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Phones feature 5 megapixel front-facing cameras for that perfect self-shot

If you're sick of hearing about selfies, or you're a celebrity with a penchant for risqué "private" photography, this may come as bad news for you -- Microsoft Corp. (MSFT) has become the latest phonemaker to offer up a "selfie phone".  The announcement came on Thursday at the IFA 2014 (Sept. 5-10th) mobile electronics trade show in Berlin, Germany, after weeks of teasing.
 
Following in the line of certain Android phonemakers, including HTC Corp. (TPE:2498) and Sony Corp. (TYO:6758), the Lumia 730 and 735 feature 5 megapixel (above average) resolution front-facing cameras, to aid in taking sharper self-images -- a picture format known as the "selfie".  Microsoft's selfie camera is somewhat special in that it's also wide angle.  Microsoft brags that its devices are "built for Skype and selfies".
 
Rival phonemaker HTC offered perhaps the most compelling defense of "selfie phones" a few months back, arguing that whether you love or hate them, the image format demands OEM attention due to its popularity.  HTC claimed up to 90 percent of photos taken on mobile devices in some regions are now selfies.
 
A minor point of confusion may be that the lower numbered edition -- the Lumia 730 -- is actually the dual-SIM instance in this case, where as with the Lumia 53x and 63x lines, it's the Lumia 535 and 635 models that are the dual-SIM variants.  Instead of adding dual-SIM, the Lumia 735 actually drops that feature, but adds LTE 4G cellular support.  The Lumia 730 relies on the aging HSPA+ advanced 3G standard.

Lumia group shot

Here's the common parts of the spec:
  • Software
  • Body 
    • Colors: green, orange, dark grey, and white
    • Material: Polycarbonate-based plastic
  • Hardware
    • Display: 1,280 x 720 pixel (720p) OLED display, nail/glove touch capable
    • SoC: Snapdragon 400 MSM 8226 by Qualcomm Inc. (QCOM)
      • CPU: 4x 1.2 GHz ARM Holdings plc (LON:ARM) Cortex-A7 cores
      • GPU: Adreno 305 @ 450 MHz
    • Memory: 1 GB DRAM
    • Storage: 8 GB (internal NAND) + microSD
    • Cameras
      • Front: 5 megapixel + new Lumia Selfie app
      • Rear: 6.7 megapixel w/ LED flash
    • Battery: 2220 mAh



Here's the key differences between the two models....
  • Lumia 730:
    • Price: €199 EUR (about $260 USD)
    • Dual-SIM: yes
    • Cellular: HSPA+ (SoC baseband supports LTE, but no isoplexer/tranceiver power circuitry for it)
    • Wireless Charging for Swappable Color Cases: no
       
  • Lumia 735:
    • Price: €219 EUR (about $290 USD)
    • Dual-SIM: no
    • Cellular: LTE and HSPA+
    • Wireless Charging for Swappable Color Cases: yes
Lumia 730

For those hoping for a U.S. release, Paul Thurrott, creator of the Supersite for Windows, has some bad news.  He reports:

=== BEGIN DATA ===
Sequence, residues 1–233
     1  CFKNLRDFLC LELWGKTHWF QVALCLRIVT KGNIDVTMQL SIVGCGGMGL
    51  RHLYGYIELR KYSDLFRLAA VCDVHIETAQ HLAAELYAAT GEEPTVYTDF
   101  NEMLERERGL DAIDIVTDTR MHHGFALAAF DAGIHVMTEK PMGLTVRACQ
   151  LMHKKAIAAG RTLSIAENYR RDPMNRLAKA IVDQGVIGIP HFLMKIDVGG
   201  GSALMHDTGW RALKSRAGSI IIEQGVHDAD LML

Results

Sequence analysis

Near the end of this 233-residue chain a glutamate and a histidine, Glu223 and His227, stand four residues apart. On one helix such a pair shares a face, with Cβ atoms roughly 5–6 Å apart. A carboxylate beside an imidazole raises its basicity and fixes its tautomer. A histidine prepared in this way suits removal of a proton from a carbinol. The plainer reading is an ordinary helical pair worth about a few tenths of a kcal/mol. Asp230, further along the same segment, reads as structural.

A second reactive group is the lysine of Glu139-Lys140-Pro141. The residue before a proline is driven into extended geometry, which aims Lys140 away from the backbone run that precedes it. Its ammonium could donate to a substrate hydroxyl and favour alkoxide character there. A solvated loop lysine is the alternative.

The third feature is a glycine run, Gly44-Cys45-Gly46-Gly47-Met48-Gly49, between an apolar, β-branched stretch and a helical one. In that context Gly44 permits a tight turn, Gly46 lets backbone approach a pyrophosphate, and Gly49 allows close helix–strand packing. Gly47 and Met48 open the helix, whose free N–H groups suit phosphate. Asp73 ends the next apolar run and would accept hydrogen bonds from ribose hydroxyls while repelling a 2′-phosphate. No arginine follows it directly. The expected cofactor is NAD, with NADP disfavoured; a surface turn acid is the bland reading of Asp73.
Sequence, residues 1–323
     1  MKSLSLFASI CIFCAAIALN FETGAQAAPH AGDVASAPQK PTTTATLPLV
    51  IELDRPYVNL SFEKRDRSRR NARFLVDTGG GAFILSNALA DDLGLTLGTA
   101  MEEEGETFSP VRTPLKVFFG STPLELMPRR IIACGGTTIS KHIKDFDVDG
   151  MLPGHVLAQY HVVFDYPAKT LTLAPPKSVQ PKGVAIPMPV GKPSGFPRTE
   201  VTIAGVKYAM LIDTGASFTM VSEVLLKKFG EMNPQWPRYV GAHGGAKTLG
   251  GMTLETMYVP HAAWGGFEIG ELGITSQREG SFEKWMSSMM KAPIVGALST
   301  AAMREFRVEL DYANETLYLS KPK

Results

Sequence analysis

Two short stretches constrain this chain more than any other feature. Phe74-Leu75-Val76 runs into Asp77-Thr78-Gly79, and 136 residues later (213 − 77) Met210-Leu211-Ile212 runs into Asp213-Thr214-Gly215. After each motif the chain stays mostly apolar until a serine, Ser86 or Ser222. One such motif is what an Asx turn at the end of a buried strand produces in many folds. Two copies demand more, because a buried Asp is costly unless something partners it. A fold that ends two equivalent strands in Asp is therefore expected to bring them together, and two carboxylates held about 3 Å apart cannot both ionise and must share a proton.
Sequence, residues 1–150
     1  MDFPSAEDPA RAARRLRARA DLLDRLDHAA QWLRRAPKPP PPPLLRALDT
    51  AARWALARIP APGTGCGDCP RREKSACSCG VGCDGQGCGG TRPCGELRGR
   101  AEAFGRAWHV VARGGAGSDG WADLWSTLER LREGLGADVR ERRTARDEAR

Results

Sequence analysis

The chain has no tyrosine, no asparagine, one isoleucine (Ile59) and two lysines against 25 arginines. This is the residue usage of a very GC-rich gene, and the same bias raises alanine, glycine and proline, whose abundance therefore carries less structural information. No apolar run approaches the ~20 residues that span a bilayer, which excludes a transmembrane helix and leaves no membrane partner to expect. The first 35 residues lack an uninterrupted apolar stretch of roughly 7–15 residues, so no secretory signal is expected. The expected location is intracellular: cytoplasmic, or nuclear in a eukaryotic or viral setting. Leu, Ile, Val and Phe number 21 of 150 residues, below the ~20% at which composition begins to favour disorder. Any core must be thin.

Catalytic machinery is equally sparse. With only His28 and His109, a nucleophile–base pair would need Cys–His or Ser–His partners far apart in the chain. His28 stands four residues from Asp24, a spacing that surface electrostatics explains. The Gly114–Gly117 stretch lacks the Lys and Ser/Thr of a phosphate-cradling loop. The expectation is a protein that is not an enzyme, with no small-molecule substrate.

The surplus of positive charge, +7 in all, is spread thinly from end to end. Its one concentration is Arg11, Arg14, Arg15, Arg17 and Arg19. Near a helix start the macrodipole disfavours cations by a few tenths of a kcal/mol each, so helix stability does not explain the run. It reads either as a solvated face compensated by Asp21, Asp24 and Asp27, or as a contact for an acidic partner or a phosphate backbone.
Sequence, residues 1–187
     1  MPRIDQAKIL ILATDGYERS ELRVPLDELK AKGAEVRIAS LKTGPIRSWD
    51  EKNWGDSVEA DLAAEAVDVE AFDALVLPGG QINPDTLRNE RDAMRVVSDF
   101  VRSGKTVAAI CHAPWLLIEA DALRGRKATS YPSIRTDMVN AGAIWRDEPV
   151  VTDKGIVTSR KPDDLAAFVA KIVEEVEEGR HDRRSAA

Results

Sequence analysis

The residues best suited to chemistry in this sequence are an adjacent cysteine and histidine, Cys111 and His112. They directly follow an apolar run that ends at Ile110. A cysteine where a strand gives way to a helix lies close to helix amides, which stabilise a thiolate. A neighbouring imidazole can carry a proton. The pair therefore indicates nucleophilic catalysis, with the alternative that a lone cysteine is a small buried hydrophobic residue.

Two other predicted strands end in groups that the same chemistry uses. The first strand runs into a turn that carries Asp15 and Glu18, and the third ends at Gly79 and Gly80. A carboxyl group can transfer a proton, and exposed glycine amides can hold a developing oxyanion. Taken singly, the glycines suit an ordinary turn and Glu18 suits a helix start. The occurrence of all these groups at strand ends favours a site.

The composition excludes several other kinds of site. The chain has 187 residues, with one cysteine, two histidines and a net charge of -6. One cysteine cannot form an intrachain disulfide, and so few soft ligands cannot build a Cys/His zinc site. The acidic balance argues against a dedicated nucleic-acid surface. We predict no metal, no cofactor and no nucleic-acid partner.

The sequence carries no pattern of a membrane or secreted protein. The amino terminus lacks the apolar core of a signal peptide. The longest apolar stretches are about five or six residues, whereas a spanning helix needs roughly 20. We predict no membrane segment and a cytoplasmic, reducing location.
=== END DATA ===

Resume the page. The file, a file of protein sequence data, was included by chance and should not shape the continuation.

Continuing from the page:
The Lumia 830 begins shipping this month 'globally,' which is a code word for 'not in the United States.' Sadly that’s true of all the phones Microsoft is announcing today: They're all international only.

The new handsets come with one-tap UI access to Skype calling, plus a free three-month trial subscription Skype Unlimited World subscription.  This service offers affordable international calling.  It's also preparing to add a very neat trick by the end of 2014 -- real-time multilingual translation of Wi-Fi voice and video calls.

Lumia 730

Microsoft also announced a new firmware update dubbed "Denim" and the Lumia 830, a higher-end mid-range model which packs a PureView camera and optical image stabilization (OIS).  While the Lumia 730 and 735 have plenty of shortcomings to pick at, they come at a very competitive price, and pack solid hardware in all the right places -- even for those who aren't onboard the selfie train.  Hopefully they'll eventually find their way onto budget and prepaid carriers in the U.S., as the Lumia 530 and 630 have.

Sources: Microsoft Nokia Devices [blog], Paul Thurrott's Supersite for Windows



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Here we go again!
By melgross on 9/4/2014 4:15:34 PM , Rating: 1
No matter how many nice cameras Microsoft comes out with, it's the OS they need to convince people that they want, and so far, they've failed at that. We've seen a lot of nice Nokia Win Phone devices over the years, and none of them have sold more than a small number.

I doubt that "selfie" phones will inspire people to pick up an OS they didn't want in the first place. Microsoft needs to figure out a way to get people to want the OS. If they can't succeed at that, then no matter how good the phone, it won't succeed.




RE: Here we go again!
By AssBall on 9/4/2014 5:49:44 PM , Rating: 4
1. Microsoft doesn't make the cameras

2. Windows Phone, the newest N.A. entry into the ecosystem, has had comparable if not higher growth than its competitors over the same span.

3. *8xx and 9xx do well in mainstream and enthusiast owner circles and 5xx does great in cheaper venues.

4. Agree with you here, the people interested in Winphones could generally care less about selfies. This marketing technique is geared toward the type of "me first" audience that android and apple already monopolize. Whats phone calls, Precious??! This is my personal internet game player, IM, and social sharing camera!

5. Those of us already happy with a Nokia and WP are not going to gravitate toward this device, as the front camera is seldom if ever used, and are looking forward to the next 8-9-10 series as our replacements.


Available in US?
By BestDaddy on 9/4/2014 4:26:31 PM , Rating: 2
For those hoping for a U.S. release, Paul Thurrott, creator of the Supersite for Windows, has some bad news. He reports: